On a hot July afternoon in 2010,  my husband and I went with my daughter and her family to the National Space and Aeronautics Museum in DC to see the IMAX presentation of the Hubble telescope.  Everything about it was spectacular.  It was especially impressive that my husband worked all the launches related to the Hubble, except one and we saw that launch in our front yard as it careened into space.

The movie showed the astronauts as they played in the Brevard County beaches only a few miles from our house. It was a an eerie feeling to realize that I had seen history being made a few steps from my front door.  Of course, we always glibly talk about the fact that we are watching history in the making.  But sitting in the theatre with approximately 1,000 other people puts the NASA experiences of the past 4 decades in a totally different light.

Then as the pictures that have been taken from the Hubble unfolded, we all gasped in wonder.  Perhaps the other people in the theatre didn’t have the same sense of amazement as our small group because we lived it.  When the Hubble first launched, the Hubble family came to see the first launch attempt.  They were Presbyterians and they attended Trinity Presbyterian Church in Satellite Beach where I was working.  It was an honor to have the Hubble family with us.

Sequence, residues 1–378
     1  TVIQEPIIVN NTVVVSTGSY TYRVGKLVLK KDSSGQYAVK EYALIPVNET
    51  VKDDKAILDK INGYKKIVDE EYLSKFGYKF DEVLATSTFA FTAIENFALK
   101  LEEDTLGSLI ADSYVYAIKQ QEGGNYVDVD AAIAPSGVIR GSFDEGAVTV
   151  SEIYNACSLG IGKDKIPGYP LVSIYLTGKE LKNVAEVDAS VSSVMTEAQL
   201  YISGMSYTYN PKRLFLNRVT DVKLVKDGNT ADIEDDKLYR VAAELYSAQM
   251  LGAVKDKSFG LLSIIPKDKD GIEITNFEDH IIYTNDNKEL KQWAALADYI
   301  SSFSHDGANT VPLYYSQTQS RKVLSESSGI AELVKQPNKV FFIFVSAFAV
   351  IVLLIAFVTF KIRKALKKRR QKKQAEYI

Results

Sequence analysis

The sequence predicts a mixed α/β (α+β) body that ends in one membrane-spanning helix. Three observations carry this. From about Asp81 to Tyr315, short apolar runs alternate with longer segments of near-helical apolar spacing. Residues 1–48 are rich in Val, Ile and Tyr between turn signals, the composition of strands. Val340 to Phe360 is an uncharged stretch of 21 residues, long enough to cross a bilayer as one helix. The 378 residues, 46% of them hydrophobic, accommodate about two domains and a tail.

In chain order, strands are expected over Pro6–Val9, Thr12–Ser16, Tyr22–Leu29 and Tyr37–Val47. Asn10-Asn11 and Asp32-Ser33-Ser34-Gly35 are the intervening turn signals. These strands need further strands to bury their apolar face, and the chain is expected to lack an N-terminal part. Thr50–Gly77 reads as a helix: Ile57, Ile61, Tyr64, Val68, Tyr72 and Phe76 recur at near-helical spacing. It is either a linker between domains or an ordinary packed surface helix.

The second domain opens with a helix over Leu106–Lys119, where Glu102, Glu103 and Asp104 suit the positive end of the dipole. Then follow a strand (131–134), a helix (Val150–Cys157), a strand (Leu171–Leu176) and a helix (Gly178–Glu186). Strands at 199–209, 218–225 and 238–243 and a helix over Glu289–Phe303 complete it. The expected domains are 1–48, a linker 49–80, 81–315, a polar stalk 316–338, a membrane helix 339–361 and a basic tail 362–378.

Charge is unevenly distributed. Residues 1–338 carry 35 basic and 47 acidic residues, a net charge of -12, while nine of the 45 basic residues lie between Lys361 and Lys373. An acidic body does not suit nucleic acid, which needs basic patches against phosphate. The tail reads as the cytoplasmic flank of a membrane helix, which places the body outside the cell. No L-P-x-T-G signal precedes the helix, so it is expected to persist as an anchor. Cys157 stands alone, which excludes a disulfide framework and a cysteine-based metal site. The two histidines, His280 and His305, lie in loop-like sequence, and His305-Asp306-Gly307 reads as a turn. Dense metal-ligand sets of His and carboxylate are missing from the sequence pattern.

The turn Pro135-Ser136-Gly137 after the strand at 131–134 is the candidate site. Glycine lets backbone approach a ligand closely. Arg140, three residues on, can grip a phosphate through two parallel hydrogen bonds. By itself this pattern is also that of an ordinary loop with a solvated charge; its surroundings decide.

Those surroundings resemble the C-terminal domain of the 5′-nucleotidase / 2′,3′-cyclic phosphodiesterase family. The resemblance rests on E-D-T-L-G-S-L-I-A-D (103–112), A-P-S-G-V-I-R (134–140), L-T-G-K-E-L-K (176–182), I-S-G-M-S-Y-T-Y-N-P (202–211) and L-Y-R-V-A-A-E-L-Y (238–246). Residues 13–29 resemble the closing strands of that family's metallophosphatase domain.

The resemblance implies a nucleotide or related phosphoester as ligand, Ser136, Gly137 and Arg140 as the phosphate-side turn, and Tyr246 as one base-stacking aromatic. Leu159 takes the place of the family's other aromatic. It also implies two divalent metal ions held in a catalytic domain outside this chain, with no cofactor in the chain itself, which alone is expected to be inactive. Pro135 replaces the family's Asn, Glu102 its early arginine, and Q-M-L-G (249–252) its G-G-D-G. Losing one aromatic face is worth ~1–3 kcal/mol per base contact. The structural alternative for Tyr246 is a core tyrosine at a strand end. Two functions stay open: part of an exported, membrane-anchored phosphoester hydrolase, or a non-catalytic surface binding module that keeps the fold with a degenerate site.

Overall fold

God has been such an important part of our history.  As I pushed him out of the theatre, my husband, Frank said, “We cannot even imagine how big and awesome our God is.”  We have prayed for each launch and the many astronauts.  We have their patches tucked away in desks drawers.  There are  framed photos of launches hanging on our walls.  Years ago, I stood on the road of our church when the Challenger exploded.  The stunned staff stopped to pray for the astronauts and their family, because the horror of the moment was more gut wrenching than we could imagine.

Our small troop walked from the Hubble movie and headed into the McDonald’s attached to the museum.  While licking our escaping ice cream, we discussed the wonders of what we had seen.  Reality was beginning to seep back into our lives.  After a heady time of reviewing history, ice cream was a refreshing touch of today.

We walked out of the museum blasted by the scouring heat.  Walking a few feet from the museum, we realized our car had been towed away by the police while we were reliving history.  A passing pedestrian said, with a grin, “Welcome to DC.”  We all laughed and I thought to myself,  welcome back to reality.

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